Rain, Sunshine, and Llama Alopecia

September 28, 2010

After a couple days of rain. . .

photo of frog

Raindrops keep fallin' on my head. . .

… this morning we woke up to fog which burned off to reveal a sparkling fall day.  The weather is cooler, the sun is shining brightly… it’s my kind of day!

One of the roosters stood on his favorite gate and flapped his wings a bit. . .

picture of rooster

A little warm-up exercise

Then did a little crowing to greet the day. . .

picture of rooster crowing

Good morning to you!

He was not impressed with my presence.

photo of rooster

"What 'cha looking at?"

The sheep were out in the main pasture enjoying the sunshine.

photo of sheep

And our little goat went out to join them.

photo of red doe goat

Our llama, Keira, also went out to join the party and graze in the sunshine.

photo of 2 sheep and 1 llama

Enjoying the sunshine on a cool fall morning.

And how about a closer look at my poor llama girl. . .

photo of llama

A bald spot here, a bald spot there...

Yes, my poor sweet llama is losing her hair.  I’d totally freak out if I hadn’t seen this before.  The sheep in front of her had a rough pregnancy once, and I wasn’t sure she was going to make it.  Lots of TLC and meds, and she pulled through… but she lost all her wool.  She was a pink-toned sheep with a little white fuzz.  Trust me, they look a lot different when they’ve lost their wool as opposed to being sheared.

So here it is, getting cooler and my poor llama is losing her hair.  We may have to get her a blanket so she’ll stay warm this winter!

The Rest of the Story

August 31, 2010

Yesterday I wrote about Sam, our male llama, leaving the farm to go to a petting zoo. I said,

“So this morning a couple of guys came with a trailer, and we got Sam corraled, haltered, and down to the trailer. (That sentence was lot easier and quicker to write than the actual doing of the deed, believe me!)”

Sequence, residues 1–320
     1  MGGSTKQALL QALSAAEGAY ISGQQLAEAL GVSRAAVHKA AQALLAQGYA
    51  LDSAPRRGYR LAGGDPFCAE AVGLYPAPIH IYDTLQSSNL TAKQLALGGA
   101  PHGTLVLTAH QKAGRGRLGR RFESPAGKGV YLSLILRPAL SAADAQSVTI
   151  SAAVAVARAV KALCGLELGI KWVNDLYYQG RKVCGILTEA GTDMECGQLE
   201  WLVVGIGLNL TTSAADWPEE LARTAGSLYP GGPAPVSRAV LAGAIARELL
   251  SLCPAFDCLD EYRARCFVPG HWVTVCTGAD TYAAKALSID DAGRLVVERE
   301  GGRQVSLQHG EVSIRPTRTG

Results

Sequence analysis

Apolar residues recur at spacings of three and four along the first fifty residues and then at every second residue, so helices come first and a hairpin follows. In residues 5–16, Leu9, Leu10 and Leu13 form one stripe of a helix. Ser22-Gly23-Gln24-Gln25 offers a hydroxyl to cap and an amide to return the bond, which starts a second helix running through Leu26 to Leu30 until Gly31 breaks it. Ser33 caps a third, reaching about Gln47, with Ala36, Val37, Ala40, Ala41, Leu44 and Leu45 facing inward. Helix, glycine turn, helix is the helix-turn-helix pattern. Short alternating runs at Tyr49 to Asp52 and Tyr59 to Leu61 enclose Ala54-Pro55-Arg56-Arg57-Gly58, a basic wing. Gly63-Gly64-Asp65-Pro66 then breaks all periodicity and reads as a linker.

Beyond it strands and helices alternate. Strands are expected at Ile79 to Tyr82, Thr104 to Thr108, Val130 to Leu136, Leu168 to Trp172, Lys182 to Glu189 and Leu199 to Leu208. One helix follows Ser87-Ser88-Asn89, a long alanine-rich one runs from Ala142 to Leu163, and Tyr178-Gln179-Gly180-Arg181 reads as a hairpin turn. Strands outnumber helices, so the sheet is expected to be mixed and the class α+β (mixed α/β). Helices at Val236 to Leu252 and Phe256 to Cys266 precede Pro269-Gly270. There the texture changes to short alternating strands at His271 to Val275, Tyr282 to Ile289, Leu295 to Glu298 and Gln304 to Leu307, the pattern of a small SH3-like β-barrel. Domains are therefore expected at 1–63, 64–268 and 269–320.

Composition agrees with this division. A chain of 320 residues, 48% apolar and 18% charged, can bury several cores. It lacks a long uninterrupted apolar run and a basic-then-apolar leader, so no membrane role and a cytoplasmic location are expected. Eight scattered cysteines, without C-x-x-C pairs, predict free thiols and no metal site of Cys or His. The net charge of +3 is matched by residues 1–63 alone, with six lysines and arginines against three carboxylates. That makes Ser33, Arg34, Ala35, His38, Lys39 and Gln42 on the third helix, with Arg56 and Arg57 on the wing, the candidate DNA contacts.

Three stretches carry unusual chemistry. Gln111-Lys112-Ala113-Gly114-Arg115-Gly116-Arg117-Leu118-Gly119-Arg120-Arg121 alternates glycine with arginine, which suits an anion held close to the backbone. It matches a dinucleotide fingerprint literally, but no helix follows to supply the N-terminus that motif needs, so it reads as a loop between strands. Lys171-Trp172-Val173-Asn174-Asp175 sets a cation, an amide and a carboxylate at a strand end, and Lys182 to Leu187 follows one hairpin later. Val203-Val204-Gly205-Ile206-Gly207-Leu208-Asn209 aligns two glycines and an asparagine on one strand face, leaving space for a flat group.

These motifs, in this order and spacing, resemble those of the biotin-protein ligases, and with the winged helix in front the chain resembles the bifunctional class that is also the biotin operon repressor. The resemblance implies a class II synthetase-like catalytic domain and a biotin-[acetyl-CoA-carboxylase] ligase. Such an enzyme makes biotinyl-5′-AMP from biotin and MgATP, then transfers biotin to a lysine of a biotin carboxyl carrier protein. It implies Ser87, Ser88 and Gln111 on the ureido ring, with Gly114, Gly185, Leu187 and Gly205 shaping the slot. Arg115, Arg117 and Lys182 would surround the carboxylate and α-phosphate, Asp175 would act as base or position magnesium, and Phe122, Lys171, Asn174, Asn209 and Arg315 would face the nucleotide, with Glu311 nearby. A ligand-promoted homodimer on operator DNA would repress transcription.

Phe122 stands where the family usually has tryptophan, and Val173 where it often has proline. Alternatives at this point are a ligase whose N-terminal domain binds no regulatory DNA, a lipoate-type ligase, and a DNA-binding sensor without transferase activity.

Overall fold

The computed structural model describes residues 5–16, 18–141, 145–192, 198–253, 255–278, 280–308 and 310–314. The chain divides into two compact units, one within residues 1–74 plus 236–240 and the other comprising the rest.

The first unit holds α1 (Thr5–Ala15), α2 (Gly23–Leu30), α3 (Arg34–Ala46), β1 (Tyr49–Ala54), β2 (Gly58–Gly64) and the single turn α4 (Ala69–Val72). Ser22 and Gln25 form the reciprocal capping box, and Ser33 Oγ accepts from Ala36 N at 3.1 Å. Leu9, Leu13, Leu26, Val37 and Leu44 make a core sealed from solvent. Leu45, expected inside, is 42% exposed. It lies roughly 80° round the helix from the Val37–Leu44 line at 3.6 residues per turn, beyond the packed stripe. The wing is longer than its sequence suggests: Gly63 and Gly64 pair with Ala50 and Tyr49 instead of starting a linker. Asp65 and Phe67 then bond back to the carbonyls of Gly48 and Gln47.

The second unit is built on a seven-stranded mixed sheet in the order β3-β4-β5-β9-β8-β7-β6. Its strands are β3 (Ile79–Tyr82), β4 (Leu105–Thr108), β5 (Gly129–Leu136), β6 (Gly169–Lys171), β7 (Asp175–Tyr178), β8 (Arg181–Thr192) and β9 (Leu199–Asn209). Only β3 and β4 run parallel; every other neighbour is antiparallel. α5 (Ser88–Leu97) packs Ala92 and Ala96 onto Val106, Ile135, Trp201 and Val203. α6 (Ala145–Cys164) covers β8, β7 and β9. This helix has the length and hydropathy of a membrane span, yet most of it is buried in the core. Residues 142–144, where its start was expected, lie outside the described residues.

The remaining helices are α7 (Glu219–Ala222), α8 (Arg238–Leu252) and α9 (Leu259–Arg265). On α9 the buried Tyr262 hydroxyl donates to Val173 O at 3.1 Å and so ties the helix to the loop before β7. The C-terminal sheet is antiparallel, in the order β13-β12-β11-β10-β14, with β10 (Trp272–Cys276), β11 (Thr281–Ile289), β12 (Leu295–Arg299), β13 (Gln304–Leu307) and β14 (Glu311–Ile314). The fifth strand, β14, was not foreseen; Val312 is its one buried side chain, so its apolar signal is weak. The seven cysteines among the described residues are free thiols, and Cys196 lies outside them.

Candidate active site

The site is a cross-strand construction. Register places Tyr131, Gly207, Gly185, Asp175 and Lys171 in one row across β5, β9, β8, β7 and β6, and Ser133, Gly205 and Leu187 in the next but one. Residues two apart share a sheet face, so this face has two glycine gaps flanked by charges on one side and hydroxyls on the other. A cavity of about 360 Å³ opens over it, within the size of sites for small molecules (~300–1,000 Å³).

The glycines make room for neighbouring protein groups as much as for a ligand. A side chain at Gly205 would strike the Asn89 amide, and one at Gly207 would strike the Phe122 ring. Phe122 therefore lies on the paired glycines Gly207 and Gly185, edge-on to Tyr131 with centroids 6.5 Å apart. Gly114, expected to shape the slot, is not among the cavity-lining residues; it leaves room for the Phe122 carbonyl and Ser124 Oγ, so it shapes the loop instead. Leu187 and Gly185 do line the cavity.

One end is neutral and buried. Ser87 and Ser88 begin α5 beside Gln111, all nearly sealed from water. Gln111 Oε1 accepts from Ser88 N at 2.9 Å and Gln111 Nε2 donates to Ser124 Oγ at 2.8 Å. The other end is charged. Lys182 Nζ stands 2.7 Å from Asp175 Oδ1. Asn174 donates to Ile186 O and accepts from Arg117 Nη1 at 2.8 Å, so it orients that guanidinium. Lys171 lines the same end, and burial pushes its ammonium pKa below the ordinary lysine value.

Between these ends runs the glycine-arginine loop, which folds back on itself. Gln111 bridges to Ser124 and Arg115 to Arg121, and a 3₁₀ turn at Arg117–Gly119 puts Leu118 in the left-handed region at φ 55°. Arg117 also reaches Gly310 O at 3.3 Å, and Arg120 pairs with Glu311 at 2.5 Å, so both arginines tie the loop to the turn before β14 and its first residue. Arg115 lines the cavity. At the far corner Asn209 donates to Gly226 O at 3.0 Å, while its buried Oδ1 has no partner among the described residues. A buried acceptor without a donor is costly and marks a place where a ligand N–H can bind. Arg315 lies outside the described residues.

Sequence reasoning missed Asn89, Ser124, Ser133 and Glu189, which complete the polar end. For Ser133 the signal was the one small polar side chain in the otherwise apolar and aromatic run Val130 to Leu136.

That was one of those “understatements.” But I didn’t write about it extensively yesterday being tired and needing to get to other work. However, I DID write about it last night in an email to a friend.

So as Paul Harvey would say, here’s “The Rest of the Story,” being lifted from the email I sent my friend.

“I got the humor email done, fixed eggs for breakfast, and stuff in a lunch box when the guy was calling to say he was almost here and double-checking directions. I guess I wasn’t clear enough, because he still ended up going to xxxx ROAD instead of our house on xxxx LANE.

I told him how to turn in the right direction, and he finally got here.  That’s when the real fun began. (That was sarcasm in case you’re wondering.)

First, he couldn’t get his truck and trailer through the gate and into the back yard and on into the llama pen so it would be close to Sam’s pen. I don’t know if his vehicle really was that much wider than our truck that we CAN get through there, but at any rate, he couldn’t do it.

That meant we had to walk Sam down from the pasture to the trailer in the driveway. This is a llama that just stays in the field, never wears a halter, and is certainly not trained to walk on lead.  And the shortest distance was to take him out of the little lot that is behind the sheep shed, straight down through the main pasture, back yard and into the driveway. Sounds easy enough, right? Ha! And again I say, HA!

To walk him so far, he needed a halter. Who do you suppose had to put the halter on him? Oh, you guessed that did you? Yes, after telling this guy I have a back condition and he needed to bring someone to assist him in loading Sam because I couldn’t help… I helped. A LOT.

Sam went up to the furthest little corner of that pen, close to the orchard.  As in about the furthest point he could get in the field away from where the trailer was in the driveway.  Figures!

Anyway, I got the halter on him and was holding him while the guy brought the lead rope. Sam was stomping his front feet and I told him to stop smacking my legs with his, and the guy said, “He’s not fussing with you, he’s standing in an ant hill.” OH NO!!!

Oh, YES, we were both standing in a fire ant hill. I got several bites on my ankles. they hurt like the dickens earlier today but are okay now. Of course, having been through this before, I know that I’m not necessarily home free on that. Sometimes they come back, so to speak, and swell up even bigger a day or two later. But maybe I’ll get lucky. (today’s note: I didn’t… the bites are red and swollen today… I seem to have a bit of an allergy or sensitivity or whatever to ant bites.)